Trying to define good art and bad art has been a source of contention among scholars since aesthetics became part of academic discourse. There are many differing positions on this issue, but I agree that art that is truly moving can be understood by the ‘masses.’ The masses however are not singularly defined. Art is an expression of cultural moments and traditions that do not always cross boundaries. The old phrase ‘beauty is in the eyes of the beholder’ can still hold true but art that is thought of as great may be beautiful to some can be ugly to others.
Greatness is a subjective value judgement. There are many works of art that can pass a test of greatness among one cultural group but not in another. If one adjusts their perspective to fit within a new cultural context, the test of greatness will be altered. There are many works of art with mass appeal, but one often finds that they do not affect their viewers in a particularly profound way. American pop music, for example, obviously appeals to a large segment of the global population but the extent to which the lyricism and songwriting produces an emotional reaction will vary greatly depending on context. Many pop stars all over the world appeal to the masses within their country (or regional bloc), but do not necessarily appeal to the larger world. This is partly due to language and lyricism but even music without lyrics is contextualized within cultural moments. Miles Davis’ seminal album Kind of Blue is revered in the United States and much of Europe, perhaps even globally, but how well is it really ‘understood.’
Usually, art that holds mass appeal as a goal falls short of great. Great art must stand the test of time and must hold its appeal. Some of the most enduring artists of the 20th century were rebuffed by the masses as irrelevant but later seen by later generations as encompassing a great cultural moment. Pablo Picasso had much success as a classically trained artist, but when he refocused his attention to geometric shapes to evoke a new perspective among viewers, the public was not apt to give him a chance. Almost eighty years later, Picasso is revered as a champion of the avant-garde movement and is one of the most renowned artists in the western world.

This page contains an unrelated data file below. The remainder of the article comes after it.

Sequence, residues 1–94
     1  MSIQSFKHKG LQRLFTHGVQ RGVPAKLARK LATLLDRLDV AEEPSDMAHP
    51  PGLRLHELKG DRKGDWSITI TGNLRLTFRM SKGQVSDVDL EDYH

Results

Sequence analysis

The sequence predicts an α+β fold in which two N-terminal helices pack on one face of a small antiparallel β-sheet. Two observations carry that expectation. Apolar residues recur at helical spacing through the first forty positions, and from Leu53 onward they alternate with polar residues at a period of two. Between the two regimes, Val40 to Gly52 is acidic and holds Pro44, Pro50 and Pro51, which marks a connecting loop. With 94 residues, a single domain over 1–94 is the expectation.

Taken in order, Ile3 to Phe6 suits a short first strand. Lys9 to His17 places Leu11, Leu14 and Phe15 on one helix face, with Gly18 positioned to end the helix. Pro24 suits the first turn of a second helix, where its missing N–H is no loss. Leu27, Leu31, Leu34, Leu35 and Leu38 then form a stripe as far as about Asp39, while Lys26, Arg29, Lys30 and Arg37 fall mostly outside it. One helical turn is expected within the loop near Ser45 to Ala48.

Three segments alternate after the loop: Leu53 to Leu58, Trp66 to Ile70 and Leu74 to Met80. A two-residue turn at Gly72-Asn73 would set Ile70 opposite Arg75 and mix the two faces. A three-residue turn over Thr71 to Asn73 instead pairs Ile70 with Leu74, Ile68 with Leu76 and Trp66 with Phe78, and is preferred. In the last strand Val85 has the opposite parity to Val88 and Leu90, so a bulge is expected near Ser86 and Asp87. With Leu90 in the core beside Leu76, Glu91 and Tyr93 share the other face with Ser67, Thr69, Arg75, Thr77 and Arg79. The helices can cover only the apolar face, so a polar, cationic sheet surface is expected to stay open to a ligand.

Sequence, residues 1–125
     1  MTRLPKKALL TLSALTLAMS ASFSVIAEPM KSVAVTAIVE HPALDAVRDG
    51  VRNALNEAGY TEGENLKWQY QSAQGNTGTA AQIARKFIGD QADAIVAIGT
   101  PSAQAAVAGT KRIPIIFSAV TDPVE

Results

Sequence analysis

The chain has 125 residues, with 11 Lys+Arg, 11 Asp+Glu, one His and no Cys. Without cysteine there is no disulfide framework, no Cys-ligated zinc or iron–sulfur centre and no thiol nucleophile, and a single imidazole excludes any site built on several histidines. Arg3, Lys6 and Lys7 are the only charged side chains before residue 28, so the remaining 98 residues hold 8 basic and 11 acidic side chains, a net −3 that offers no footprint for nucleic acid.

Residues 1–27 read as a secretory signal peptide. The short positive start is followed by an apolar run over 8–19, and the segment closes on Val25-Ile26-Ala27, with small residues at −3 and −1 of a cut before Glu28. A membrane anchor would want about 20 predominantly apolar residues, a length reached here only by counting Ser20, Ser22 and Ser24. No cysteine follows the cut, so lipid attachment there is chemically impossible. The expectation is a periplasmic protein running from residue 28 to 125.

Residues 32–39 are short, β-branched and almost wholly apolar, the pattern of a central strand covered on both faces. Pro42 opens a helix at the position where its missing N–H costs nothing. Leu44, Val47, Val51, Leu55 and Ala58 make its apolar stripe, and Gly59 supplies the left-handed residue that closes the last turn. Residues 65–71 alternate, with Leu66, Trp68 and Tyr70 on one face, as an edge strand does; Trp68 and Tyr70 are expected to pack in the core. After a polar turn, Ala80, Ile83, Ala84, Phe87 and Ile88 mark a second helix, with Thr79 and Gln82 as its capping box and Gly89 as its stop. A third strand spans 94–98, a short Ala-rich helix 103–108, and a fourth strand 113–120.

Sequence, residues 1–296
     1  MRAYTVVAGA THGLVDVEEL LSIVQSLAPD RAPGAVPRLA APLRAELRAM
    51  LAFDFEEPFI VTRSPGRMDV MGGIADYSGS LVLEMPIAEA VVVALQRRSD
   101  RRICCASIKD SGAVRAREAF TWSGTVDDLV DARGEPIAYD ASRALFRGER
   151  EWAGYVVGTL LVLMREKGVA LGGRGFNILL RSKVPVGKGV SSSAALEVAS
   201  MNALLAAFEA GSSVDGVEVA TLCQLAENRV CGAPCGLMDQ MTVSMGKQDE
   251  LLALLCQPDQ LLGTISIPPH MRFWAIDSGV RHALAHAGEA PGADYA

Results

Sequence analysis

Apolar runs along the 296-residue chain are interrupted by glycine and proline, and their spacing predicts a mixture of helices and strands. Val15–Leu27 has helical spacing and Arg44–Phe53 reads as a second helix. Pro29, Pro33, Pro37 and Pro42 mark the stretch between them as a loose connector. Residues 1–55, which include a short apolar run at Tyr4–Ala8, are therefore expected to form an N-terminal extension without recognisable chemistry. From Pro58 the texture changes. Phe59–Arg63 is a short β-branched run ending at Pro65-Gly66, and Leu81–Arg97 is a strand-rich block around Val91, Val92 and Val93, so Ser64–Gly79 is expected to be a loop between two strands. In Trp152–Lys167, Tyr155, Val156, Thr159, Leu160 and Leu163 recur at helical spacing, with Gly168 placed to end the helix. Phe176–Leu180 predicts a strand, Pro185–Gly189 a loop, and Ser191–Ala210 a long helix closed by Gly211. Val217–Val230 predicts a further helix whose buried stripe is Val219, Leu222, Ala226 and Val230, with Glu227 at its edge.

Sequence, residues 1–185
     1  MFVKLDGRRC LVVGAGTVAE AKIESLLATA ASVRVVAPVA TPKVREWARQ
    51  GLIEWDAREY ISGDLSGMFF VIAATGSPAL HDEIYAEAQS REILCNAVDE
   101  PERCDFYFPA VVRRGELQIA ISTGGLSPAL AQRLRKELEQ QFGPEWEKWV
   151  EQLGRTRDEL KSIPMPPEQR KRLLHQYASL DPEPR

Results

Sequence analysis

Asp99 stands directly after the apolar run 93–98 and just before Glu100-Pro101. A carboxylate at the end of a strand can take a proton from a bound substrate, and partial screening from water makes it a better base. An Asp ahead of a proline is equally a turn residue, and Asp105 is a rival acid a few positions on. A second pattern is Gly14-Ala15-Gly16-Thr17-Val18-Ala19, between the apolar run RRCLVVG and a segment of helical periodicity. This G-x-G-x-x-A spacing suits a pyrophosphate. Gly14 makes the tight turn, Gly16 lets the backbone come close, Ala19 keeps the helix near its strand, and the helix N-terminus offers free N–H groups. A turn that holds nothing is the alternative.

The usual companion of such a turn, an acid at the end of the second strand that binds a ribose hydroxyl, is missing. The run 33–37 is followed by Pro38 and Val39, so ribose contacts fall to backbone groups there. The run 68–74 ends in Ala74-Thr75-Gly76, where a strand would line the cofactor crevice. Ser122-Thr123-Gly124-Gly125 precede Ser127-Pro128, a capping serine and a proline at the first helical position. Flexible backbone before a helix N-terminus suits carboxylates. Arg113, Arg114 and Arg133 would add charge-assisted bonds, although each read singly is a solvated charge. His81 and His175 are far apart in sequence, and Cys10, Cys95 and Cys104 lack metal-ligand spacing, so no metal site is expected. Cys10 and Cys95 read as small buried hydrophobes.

While Picasso’s art may be revered in the western world, the global community may not be singing his praises. The west may hold that Picasso’s art holds ‘universal’ appeal, but his reputation in the Eastern Hemisphere may not be so glowing. As westerners, what we hold to have mass appeal may indeed appeal to some mass, and by mass I mean a large cross-section of humanity. The world is inhabited by many communities each with their own perspectives and histories. These perspectives shape the way we view art. Picasso’s ‘Guernica’ may be one of the most emotionally raw and poignant works in the Western Hemisphere, but without understanding its historical connection to World War II and the rise of totalitarianism in Europe, its meaning would be lost on many viewers.
The ‘understanding’ of art is not objective. Sometimes art is not understood, but it can still be enjoyed. Great art is understood by the masses, but they must relate to the masses’ context. As the world becomes more global and cultural boundaries dissipate, artistic language will no doubt evolve. Yes great art appeals to the masses, but those masses are ever changing, the real and true test of art is not simply its ability to be understood by the masses, but its ability to stand the test of time.